I tell patients that if you’re a 60-year-old and otherwise perfectly healthy and you just have carotid disease, you need to have a good, skilled vascular surgeon fix your carotid artery. But, if you’re 75, you have a bad heart and you have had previous neck surgery, then absolutely, have a carotid stent procedure, no question about it.
Q. What are the risks? There is a definite risk of stroke attributed to the procedure itself. In general, the risks are probably equivalent or very close to the stroke risks associated with surgery. There’s no dramatic difference. Stroke is the downside of anything done for carotid disease. The end organ is the brain, and in trying to reduce someone’s risk of stroke, you could cause a stroke. There’s a definite risk of stroke from both carotid surgery and carotid stenting. This is also the reason why some patients should be managed medically, without surgery or stenting.
Q. What are the benefits?Carotid stenting is less invasive and requires less recovery time. It’s probably overall less strenuous to the body to undergo a carotid stenting procedure than to undergo a carotid surgery. Both carotid endarterectomy and carotid stenting have been shown to reduce subsequent stroke risk.
Q. What are the short- and long-term outcomes? We know that in appropriate patients, carotid stenting is at least as good as carotid surgery in terms of immediate and short-term outcomes. However, with long-term outcomes, the data are not conclusive. We know out to a year or two or three, but we certainly don’t know what happens in 10 or 15 or 20 years. They’ve been doing carotid surgery for 30 years, so they have a very good handle on what happens 10 or 20 years after carotid endarterectomy. We don’t know that about carotid stenting.
Part of the issue is that these carotid stents and EPDs are in constant, rapid evolution. A year from now there might be a stent that is better than the stent I might be putting in somebody’s carotid tomorrow. The stents that are available to put in a carotid artery today are all basically the same. They’re all flexible, self expanding stents. On the other hand, some have what we call a closed-cell design and some have an open-cell design. There may be some instances where a closed-cell design might be preferable to an open-cell design and vice versa. We don’t know all of that yet. Even for physicians, this is a very difficult topic because of the rapid pace of technological evolution.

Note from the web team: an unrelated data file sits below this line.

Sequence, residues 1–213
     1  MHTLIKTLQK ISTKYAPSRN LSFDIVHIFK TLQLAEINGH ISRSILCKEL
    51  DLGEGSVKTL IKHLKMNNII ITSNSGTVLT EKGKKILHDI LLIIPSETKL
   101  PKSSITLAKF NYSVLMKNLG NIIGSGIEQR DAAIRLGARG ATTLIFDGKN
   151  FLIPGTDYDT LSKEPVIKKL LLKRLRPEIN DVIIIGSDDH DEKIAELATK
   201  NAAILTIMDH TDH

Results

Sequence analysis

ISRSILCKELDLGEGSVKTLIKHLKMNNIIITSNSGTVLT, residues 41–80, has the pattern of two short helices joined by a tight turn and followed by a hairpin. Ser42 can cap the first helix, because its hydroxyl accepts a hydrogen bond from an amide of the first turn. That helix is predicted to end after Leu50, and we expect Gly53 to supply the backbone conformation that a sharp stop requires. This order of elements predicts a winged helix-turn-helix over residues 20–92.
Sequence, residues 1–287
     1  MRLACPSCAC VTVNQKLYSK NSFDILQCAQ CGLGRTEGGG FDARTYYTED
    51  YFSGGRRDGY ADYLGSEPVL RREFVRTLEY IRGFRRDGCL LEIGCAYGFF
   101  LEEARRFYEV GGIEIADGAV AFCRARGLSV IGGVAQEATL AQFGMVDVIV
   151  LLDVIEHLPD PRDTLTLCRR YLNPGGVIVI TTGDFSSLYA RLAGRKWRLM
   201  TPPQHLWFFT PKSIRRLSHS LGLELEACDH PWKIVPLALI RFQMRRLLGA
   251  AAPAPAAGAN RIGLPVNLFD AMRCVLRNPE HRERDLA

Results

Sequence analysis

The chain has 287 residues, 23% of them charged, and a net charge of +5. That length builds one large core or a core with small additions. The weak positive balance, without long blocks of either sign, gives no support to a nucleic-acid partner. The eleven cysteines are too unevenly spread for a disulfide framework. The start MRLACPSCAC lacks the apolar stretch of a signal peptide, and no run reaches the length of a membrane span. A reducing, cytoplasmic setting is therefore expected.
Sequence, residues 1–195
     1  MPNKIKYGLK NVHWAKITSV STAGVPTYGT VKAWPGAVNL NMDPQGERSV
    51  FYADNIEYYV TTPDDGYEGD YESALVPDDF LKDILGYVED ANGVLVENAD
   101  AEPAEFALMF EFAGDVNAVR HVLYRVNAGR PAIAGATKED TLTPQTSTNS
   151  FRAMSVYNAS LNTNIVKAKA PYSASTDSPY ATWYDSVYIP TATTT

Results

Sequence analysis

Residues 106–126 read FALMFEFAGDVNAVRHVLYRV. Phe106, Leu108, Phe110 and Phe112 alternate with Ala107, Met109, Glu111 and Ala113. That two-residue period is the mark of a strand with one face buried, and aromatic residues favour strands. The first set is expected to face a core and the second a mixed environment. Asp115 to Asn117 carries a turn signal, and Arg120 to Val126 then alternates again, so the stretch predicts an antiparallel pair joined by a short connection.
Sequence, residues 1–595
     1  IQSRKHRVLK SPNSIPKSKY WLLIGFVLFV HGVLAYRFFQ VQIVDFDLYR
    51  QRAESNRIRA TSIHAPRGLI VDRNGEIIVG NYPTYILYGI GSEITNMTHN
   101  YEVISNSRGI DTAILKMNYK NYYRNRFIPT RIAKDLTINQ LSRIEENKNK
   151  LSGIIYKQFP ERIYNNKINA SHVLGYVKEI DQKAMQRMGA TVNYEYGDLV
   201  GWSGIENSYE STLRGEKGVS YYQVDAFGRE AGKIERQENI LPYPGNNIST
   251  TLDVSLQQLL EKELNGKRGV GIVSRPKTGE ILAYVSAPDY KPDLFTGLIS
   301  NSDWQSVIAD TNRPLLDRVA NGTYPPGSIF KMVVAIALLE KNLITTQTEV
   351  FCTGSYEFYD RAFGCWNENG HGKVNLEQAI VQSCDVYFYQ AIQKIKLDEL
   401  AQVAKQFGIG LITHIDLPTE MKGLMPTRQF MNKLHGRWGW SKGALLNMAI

Q. Is it better to remove the plaque through surgery or push it out of the way and trap it through stenting?That’s part of the debate of what may still need to be learned. But I think that, in general, any method to exclude the plaque from the flow channel of the artery, whether it’s removed with the carotid endarterectomy or trapped and compressed and held out of the flow channel by the scaffolding of the stent, is good. Those are both effective ways of reducing the risk of stroke.
Q. What is interventional radiology?In general, interventional radiology is a sub-specialty of radiology that deals with the evaluation of and minimally invasive treatment for various disease states, for example, carotid disease.
An interventional radiologist is a physician who is trained to see, evaluate, consult, recommend and also perform therapy for those patients. It’s comparable to a cardiologist who performs stent procedures, but not open-heart surgery for the heart.
Source: Every Day, Interview with Robert A. Hieb, MD
Date: May - July 2006